Jeffrey Bazarian is a Physiatrist and an Emergency Medicine doctor in Rochester, New York. Dr. Bazarian has been practicing medicine for over 35 years and is rated as an Elite doctor by MediFind in the treatment of Concussion. He is also highly rated in 2 other conditions, according to our data. His top areas of expertise are Concussion, Traumatic Brain Injury, and Subdural Hematoma. He is licensed to treat patients in New York.

What is the outlook (prognosis) for Concussion?

Healing or recovering from a concussion takes time. It may take days to weeks, or even months. During that time you may:

  • Be withdrawn, easily upset, or confused, or have other mood changes
  • Have a hard time with tasks that require memory or concentration
  • Have mild headaches
  • Be less tolerant of noise
  • Be very tired
  • Feel dizzy
  • Have blurry vision at times

These problems will probably recover slowly. You may want to get help from family or friends for making important decisions.

In a small number of people, symptoms of the concussion do not go away. The risk for these long-term changes in the brain is higher after more than one concussion.

Seizures may occur after more severe head injuries. You or your child may need to take anti-seizure medicines for a period of time.

More severe traumatic brain injuries may result in many brain and nervous system problems.

When should I contact a medical professional for Concussion?

Call the provider if:

  • A head injury causes changes in alertness.
  • A person has other worrisome symptoms.
  • Symptoms do not go away or are not improving after 2 or 3 weeks.

Call right away if the following symptoms occur:

  • Increased sleepiness or difficulty waking up
  • Stiff neck
  • Changes in behavior or unusual behavior
  • Changes in speech (slurred, difficult to understand, does not make sense)
  • Confusion or problems thinking straight
  • Double vision or blurred vision
  • Fever
  • Fluid or blood leaking from the nose or ears
  • Headache that is getting worse, lasts a long time, or does not get better with over-the-counter pain relievers
  • Problems walking or talking
  • Seizures (jerking of the arms or legs without control)
  • Vomiting more than 3 times

If symptoms do not go away or are not improving a lot after 2 or 3 weeks, talk to your provider.

How do I prevent Concussion?

Not all head injuries can be prevented. Increase safety for you and your child by following these steps:

  • Always use safety equipment during activities that could cause a head injury. These include seat belts, bicycle or motorcycle helmets, and hard hats.
  • Learn and follow bicycle safety recommendations.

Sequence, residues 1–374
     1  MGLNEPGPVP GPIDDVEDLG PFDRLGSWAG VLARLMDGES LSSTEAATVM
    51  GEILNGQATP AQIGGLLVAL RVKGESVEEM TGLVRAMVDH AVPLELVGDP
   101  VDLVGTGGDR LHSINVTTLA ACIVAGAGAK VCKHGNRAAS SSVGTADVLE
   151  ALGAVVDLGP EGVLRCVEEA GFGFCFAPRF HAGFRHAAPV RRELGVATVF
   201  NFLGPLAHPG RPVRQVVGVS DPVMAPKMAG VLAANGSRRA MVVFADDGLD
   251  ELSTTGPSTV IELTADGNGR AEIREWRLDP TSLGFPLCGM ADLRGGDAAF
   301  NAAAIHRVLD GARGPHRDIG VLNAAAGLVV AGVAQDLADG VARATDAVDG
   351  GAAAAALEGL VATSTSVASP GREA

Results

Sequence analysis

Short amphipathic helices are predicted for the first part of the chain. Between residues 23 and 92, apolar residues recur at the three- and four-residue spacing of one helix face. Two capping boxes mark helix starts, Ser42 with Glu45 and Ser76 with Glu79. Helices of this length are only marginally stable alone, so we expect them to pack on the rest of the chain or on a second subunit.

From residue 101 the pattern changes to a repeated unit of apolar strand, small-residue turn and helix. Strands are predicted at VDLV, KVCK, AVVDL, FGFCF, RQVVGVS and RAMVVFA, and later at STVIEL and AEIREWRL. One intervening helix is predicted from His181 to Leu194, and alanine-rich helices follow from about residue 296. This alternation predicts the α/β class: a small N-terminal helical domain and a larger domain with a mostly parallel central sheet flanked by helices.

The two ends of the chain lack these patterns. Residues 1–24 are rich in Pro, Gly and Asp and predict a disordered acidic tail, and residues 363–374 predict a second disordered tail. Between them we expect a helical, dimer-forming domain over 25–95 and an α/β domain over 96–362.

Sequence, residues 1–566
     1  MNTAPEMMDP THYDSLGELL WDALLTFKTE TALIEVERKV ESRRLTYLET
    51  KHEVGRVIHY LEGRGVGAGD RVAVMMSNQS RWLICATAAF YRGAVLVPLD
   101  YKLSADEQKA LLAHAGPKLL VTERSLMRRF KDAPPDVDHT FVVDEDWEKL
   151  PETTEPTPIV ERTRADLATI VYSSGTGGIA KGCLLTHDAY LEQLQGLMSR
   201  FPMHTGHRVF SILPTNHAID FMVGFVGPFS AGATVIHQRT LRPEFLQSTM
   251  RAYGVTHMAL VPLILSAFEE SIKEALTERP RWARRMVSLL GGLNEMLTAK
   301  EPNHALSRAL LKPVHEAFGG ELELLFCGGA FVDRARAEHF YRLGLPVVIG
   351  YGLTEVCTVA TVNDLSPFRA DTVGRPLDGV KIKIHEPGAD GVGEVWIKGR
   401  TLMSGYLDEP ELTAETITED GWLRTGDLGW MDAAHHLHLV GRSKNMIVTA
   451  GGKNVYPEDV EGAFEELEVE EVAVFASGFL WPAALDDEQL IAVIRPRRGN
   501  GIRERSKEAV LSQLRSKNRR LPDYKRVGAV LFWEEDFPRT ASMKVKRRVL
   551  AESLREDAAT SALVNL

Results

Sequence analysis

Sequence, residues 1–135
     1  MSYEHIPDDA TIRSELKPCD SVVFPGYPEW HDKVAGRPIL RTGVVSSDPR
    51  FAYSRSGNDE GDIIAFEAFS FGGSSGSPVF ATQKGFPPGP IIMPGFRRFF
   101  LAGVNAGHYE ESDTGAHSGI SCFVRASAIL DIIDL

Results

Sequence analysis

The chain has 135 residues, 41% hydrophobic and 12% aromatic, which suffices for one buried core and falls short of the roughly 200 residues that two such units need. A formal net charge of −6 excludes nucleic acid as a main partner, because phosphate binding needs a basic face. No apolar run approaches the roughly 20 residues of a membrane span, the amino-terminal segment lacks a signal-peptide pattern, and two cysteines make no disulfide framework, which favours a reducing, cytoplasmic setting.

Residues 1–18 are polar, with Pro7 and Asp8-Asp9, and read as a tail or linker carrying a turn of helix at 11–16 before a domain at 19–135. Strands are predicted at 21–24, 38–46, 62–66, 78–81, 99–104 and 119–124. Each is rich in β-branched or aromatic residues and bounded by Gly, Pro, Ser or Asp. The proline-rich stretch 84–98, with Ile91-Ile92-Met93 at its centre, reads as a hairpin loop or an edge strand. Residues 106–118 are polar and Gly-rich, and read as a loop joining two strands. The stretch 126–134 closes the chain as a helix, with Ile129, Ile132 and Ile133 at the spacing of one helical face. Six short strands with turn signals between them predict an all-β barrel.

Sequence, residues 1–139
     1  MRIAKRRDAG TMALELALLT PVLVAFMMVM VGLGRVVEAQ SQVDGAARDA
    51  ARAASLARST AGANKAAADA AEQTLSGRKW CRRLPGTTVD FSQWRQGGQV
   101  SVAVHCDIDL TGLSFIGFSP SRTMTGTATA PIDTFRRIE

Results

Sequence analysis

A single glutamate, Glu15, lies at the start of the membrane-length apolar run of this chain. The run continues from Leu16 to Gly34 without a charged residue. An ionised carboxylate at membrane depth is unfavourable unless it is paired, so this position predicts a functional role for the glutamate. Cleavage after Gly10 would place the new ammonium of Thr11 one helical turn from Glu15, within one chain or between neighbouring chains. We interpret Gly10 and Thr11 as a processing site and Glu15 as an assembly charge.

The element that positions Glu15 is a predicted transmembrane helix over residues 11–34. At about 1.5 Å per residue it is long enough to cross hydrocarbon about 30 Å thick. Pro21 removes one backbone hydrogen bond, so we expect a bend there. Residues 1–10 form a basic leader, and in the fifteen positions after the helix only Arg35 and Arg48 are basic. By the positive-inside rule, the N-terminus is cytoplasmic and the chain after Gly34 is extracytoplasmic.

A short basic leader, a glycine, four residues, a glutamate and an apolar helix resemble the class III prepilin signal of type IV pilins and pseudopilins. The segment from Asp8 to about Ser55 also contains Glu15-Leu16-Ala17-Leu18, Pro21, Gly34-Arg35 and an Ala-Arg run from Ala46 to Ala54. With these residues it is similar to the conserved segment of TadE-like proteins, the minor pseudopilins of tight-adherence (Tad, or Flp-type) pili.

Do not drink and drive. Do not allow yourself to be driven by someone who may have been drinking alcohol or is otherwise impaired.

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What are the latest Concussion Clinical Trials?
Spectacles Lens in Concussed Kids
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Get Going After concussIonN Lite (GAIN Lite): An Early Intervention to Reduce Impairing Post-concussional Moderate Symptoms in Adults
What are the Latest Advances for Concussion?
Feasibility and preliminary efficacy for morning bright light therapy to improve sleep and plasma biomarkers in US Veterans with TBI. A prospective, open-label, single-arm trial.
Cervicovestibular Rehabilitation in Adults with Mild Traumatic Brain Injury: A Randomized Clinical Trial.
Tired of the same old research?
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Vestibular Rehabilitation Effectiveness for Adults With Mild Traumatic Brain Injury/Concussion: A Mini-Systematic Review.
Who are the sources who wrote this article ?

Published Date : November 13, 2021
Published By : Jesse Borke, MD, CPE, FAAEM, FACEP, Attending Physician at Kaiser Permanente, Orange County, CA. Also reviewed by David Zieve, MD, MHA, Medical Director, Brenda Conaway, Editorial Director, and the A.D.A.M. Editorial team.

What are the references for this article ?

Liebig CW, Congeni JA. Sports-related traumatic brain injury (concussion). In: Kliegman RM, St Geme JW, Blum NJ, Shah SS, Tasker RC, Wilson KM, eds. Nelson Textbook of Pediatrics. 21st ed. Philadelphia, PA: Elsevier; 2020:chap 708.

McClincy MP, Olgun ZD, Dede O. Orthopedics. In: Zitelli, BJ, McIntire SC, Nowalk AJ, Garrison J, eds. Zitelli and Davis' Atlas of Pediatric Physical Diagnosis. 8th ed. Philadelphia, PA: Elsevier; 2023:chap 22.

Papa L, Goldberg SA. Head trauma. In: Walls RM, Hockberger RS, Gausche-Hill M, eds. Rosen's Emergency Medicine: Concepts and Clinical Practice. 9th ed. Philadelphia, PA: Elsevier; 2018:chap 34.

Trofa DP, Caldwell J-M E, Li XJ. Concussion and brain injury. In: Miller MD, Thompson SR, eds. DeLee Drez & Miller's Orthopaedic Sports Medicine. 5th ed. Philadelphia, PA: Elsevier; 2020:chap 126.